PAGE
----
New research sheds light on the surprising ways dating apps are used for tourism

Categories: Research, School of Health and Society

New research, which is the first study of its kind to look at the relationship between dating app Grindr and tourism, has uncovered some of the surprising ways that both visitors and locals use apps to make the most of travelling to new cities.

The academic paper by Dr Rachel Katz, Postdoctoral Research Fellow in the School of Health and Society at the University of Salford, challenges the idea that Grindr is used mainly for casual sex, instead highlighting the ways that tourists use the app to get information about the location they are visiting, from restaurant recommendations to developing a deeper cultural understanding of the place, sometimes with a view to moving there longer-term.

The study, based on research Rachel conducted as part of her PhD at the University of Manchester and published in the leading digital research journal Social Media + Society, focusses on the social implications of Grindr use for gay tourism, tourist-local relationships, and digitally mediated social life.  

Rachel’s findings also show how Grindr tourism practices are seen as mutually beneficial by tourists, locals, and immigrants. Grindr tourism contributes to tourists’ embedded learning about travel destinations, immigrants’ acclimation and friendship networks, and locals’ self-ascribed cosmopolitan, multicultural identities.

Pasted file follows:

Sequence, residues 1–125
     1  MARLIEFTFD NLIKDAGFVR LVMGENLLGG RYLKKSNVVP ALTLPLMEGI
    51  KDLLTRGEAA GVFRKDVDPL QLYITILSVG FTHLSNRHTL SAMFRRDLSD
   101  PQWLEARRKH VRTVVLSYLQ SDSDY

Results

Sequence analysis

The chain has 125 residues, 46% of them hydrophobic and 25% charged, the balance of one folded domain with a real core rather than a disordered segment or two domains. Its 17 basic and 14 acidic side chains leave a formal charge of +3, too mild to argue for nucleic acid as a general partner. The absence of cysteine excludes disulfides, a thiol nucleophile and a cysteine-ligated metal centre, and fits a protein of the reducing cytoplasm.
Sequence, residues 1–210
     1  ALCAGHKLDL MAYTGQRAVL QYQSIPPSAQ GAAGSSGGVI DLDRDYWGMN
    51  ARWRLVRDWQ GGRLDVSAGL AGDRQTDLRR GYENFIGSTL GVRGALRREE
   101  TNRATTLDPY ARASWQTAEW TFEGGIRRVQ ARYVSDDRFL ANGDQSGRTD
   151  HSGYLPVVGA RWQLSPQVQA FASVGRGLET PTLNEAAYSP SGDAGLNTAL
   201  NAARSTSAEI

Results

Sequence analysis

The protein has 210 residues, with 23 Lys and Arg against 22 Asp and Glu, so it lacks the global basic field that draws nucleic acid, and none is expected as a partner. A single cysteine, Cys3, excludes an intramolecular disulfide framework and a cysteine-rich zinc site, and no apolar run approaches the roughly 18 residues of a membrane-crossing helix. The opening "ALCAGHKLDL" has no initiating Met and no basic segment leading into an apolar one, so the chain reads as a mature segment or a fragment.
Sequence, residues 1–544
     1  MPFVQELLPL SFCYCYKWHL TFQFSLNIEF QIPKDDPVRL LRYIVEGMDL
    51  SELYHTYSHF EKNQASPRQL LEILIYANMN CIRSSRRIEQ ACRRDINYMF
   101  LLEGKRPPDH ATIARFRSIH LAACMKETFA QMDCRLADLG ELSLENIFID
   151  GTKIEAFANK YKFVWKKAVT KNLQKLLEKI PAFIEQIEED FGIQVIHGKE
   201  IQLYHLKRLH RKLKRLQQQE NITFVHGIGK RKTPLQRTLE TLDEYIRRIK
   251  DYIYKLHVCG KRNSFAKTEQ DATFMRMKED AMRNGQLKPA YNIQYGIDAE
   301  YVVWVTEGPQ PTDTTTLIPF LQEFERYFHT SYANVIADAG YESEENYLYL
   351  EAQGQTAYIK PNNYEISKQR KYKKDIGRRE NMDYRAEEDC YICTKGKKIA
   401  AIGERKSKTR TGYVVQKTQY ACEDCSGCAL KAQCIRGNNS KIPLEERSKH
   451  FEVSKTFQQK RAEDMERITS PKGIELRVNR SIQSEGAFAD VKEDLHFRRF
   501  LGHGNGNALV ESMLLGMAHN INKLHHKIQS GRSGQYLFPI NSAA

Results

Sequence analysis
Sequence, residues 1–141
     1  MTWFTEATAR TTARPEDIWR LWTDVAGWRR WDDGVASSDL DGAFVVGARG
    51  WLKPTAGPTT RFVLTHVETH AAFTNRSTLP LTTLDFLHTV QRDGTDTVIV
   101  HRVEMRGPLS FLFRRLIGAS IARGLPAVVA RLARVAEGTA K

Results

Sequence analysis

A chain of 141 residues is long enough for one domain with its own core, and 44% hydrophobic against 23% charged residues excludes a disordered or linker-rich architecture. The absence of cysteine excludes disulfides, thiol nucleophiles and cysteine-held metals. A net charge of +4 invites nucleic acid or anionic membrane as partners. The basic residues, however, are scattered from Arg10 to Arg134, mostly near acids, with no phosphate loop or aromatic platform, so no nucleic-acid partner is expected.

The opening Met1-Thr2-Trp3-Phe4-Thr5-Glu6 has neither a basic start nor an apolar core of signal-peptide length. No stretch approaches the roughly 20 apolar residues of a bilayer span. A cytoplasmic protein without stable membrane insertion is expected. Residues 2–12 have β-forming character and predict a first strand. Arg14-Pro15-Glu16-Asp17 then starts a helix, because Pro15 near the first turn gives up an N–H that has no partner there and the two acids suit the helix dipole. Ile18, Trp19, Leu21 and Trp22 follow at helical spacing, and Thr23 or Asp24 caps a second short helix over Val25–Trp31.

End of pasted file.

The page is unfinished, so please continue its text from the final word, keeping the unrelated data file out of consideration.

The research also addressed wider issues around sexuality, digital communication, migration movements, ethnicity, and the economic bodies that support large-scale tourism. 

Rachel said: “My findings on Grindr tourism reveal that travel practices among gay tourists have shifted away from traditional travel institutions such as group package tours toward more individualised, mobile, and privatised dating app tourism. This may offer insights for tech companies, the tourism industry, scholars, and individuals navigating the evolving ways dating apps affect other areas of social life.”

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